The approach to spectrum management is an object lesson in how not to use information and communications technology for development, writes Shyam Ponappa.
The network of roads is mostly public property. What if the government decided to make more money from our use of this property? Made users pay for these public assets, whether the roads are there, or yet to be built? Demanded upfront fees for a fixed-term right, followed by annual fees marked-to-market to reflect "fair market value"?
All roads would be expensive, and few people would be able to afford their use. Imagine what it would do to plans to build new roads. Imagine how much you would have to pay for road use, how road usage would drop, the sheer inconvenience it would cause, and the impediments to productivity that will be created.
This is not happening to the majority of our roads, but it is to communications, especially broadband. With some differences, this is what spectrum fees are about. The major difference is that spectrum fees are levied on operators, not end users (the equivalent for roads would be fees from government agencies/road operators).
For instance, Bharti and Vodafone paid upfront fees of Rs 12,300 crore (Rs 123 billion) and Rs 11,000 crore (Rs 110 billion), respectively, for 3G spectrum.
This is one reason why the country won't get widespread broadband networks in a hurry, nor would it get reasonably priced services. The investment in spectrum fees and networks is so high that operators will probably offer limited, high-margin products. They will focus on high-traffic routes and ignore the rest, serving 50-100 million, instead of a billion -this is exactly the opposite of what we need.
The spectrum story
This approach to spectrum management is an object lesson in how not to use information and communications technology (ICT) for development. Each operator is exclusively assigned a sliver of spectrum. The resulting "scarce spectrum" predicament demonstrates why this approach is entirely unsuitable for optimising net benefits. Optimisation requires making trade-offs between technology, economics and commercial interests for development and the common good.
The situation is aggravated by three additional factors:
- Too many operators in a franchise area (12-16 in India, as against an international average of three to five), resulting in limited capacity and high capital costs.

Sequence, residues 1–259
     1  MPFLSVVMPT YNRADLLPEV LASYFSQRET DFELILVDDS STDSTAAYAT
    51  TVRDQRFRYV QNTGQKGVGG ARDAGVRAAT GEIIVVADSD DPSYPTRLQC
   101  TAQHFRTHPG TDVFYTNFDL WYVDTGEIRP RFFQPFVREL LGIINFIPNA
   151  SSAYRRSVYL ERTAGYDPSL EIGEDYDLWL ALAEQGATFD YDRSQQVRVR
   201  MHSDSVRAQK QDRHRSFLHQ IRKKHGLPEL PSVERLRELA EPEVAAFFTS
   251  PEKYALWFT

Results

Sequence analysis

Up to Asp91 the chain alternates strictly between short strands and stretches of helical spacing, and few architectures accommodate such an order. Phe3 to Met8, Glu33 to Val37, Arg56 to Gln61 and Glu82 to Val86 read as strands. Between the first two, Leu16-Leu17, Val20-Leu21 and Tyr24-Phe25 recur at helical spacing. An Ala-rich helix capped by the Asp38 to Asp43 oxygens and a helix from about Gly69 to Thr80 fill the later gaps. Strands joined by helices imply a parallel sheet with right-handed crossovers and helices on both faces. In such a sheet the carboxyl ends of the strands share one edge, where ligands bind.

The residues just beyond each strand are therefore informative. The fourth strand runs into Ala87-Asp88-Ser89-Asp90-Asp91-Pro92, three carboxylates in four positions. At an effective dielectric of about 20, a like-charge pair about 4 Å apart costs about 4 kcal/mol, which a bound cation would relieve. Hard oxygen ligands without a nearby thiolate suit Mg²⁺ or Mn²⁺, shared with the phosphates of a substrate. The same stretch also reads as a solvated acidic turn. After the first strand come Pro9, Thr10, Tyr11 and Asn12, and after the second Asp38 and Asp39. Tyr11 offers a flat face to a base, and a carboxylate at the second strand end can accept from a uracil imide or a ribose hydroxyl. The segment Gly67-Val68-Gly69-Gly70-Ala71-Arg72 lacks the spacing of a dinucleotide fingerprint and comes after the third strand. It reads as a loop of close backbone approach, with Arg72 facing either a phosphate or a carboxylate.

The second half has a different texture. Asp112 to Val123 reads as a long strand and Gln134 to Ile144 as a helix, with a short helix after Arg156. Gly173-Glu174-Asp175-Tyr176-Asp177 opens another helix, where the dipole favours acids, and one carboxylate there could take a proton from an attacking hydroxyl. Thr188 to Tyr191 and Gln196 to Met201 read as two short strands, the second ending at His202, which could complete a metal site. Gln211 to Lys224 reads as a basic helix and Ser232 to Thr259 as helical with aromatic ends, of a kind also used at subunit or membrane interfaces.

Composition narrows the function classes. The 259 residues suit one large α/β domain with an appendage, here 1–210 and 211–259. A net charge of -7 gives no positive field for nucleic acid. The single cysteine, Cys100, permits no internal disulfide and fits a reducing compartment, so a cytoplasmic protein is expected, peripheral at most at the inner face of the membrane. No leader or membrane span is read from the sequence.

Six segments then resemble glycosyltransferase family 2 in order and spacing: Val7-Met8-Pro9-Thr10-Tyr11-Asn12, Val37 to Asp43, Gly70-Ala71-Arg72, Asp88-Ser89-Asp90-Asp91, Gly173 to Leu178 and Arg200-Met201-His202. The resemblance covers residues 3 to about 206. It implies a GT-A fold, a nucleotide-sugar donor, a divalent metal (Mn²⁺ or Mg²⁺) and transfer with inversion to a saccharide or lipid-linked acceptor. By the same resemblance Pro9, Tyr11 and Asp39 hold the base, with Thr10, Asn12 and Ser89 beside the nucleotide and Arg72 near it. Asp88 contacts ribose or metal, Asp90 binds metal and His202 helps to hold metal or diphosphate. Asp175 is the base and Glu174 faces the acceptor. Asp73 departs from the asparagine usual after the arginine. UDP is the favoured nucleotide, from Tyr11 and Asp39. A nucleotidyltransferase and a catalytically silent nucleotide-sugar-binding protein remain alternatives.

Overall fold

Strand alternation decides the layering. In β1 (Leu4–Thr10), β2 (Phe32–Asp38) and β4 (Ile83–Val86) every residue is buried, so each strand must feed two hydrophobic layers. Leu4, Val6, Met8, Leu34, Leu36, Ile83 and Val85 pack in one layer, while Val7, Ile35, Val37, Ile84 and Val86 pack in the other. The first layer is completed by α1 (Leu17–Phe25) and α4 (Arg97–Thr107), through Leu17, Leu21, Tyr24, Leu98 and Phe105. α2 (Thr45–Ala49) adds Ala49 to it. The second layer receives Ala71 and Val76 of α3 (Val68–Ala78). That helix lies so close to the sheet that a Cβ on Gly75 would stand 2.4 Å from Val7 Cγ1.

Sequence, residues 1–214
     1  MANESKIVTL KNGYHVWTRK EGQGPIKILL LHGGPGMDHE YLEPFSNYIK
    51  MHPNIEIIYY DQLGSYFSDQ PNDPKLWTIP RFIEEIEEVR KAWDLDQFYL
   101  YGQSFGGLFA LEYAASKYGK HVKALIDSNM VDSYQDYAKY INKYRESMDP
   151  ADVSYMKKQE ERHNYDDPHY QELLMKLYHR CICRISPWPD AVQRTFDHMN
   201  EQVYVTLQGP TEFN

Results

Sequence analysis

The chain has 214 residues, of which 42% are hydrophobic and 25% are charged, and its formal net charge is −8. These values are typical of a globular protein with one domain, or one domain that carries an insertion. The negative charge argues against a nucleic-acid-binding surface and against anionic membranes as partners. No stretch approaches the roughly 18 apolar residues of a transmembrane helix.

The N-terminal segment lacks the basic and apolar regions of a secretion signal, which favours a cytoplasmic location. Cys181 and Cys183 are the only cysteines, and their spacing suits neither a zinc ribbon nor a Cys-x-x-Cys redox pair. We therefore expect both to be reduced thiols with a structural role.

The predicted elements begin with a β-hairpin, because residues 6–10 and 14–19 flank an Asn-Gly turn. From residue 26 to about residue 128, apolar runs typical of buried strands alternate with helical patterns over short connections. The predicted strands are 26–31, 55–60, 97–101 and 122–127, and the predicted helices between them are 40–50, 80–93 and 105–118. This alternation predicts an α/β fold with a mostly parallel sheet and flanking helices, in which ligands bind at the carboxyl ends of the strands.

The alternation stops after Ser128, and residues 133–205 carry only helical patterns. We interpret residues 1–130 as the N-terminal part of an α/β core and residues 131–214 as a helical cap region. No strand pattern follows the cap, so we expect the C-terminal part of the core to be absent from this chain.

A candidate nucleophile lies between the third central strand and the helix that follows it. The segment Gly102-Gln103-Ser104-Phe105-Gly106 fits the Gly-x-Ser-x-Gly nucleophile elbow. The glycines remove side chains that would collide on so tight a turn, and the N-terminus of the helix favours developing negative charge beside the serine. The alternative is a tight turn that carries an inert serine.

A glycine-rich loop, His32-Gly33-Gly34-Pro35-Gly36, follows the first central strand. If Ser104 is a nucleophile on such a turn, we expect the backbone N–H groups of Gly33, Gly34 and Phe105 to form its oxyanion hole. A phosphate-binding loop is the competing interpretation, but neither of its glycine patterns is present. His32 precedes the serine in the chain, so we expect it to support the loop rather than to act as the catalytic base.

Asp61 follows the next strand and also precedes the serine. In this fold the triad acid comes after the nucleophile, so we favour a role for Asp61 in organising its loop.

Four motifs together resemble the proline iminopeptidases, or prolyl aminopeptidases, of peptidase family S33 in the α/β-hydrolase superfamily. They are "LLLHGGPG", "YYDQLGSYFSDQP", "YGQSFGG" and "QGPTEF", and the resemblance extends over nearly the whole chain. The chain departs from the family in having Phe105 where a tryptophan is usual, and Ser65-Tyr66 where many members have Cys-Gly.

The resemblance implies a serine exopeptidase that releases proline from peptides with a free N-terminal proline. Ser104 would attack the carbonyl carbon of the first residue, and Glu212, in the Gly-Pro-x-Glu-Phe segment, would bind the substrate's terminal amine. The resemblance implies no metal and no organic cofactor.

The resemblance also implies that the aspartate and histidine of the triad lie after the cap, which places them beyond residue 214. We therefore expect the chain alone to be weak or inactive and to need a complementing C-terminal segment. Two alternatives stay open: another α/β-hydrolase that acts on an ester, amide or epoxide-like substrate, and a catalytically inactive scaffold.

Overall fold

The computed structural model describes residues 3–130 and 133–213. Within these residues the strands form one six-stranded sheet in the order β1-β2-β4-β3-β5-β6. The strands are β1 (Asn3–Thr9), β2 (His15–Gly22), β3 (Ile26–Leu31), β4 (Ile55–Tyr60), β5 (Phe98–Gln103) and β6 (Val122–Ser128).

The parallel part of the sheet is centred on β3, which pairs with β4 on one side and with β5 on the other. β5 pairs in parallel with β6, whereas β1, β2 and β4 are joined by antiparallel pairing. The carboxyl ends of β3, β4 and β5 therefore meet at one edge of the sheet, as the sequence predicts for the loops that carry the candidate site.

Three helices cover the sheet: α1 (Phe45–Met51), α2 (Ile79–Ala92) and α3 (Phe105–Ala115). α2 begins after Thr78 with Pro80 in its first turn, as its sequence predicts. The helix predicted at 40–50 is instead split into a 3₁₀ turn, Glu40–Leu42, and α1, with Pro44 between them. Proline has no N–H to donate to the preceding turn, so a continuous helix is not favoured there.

- Limited availability of spectrum for commercial use, because of the extent assigned to the government, defence and the public sector.
- The government's periodic efforts to extract as much revenue as possible from spectrum - an exploitative approach -instead of nurturing capacity to generate fair tax returns over the long term. Even in advanced economies, high auction bids have been disastrous.
* The average spectrum available per user is of the order of 5.5 MHz in India, compared to an international average of about 22 MHz. Delhi and Mumbai have cell sites that are less than 100 metres apart, compared with around 200 metres in Istanbul, 300 metres in Munich, and 350 metres in Berlin. Decreased inter-cell distances increase interference, thus restricting capacity.
If each operator has more spectrum, traffic-handling capacity increases at a lower cost. Improving technical efficiency at the cost of economic efficiency loses out on capacity at low cost. Cellular operators in India are forced to extract greater spectrum efficiency (see figure 1), which sounds good until you factor in the increased costs and opportunity losses.
The report titled "An assessment of spectrum management policy in India", Plum Consulting, December 2008, by David Lewin, Val Jervis, Chris Davis, Ken Pearson, estimates that spectrum assignments increased to international norms would have lowered industry costs by an 21 per cent (Rs 11,700 crore or $2.6 billion in 2008). This would have resulted in a more extensive coverage at less cost, with greater consumer welfare.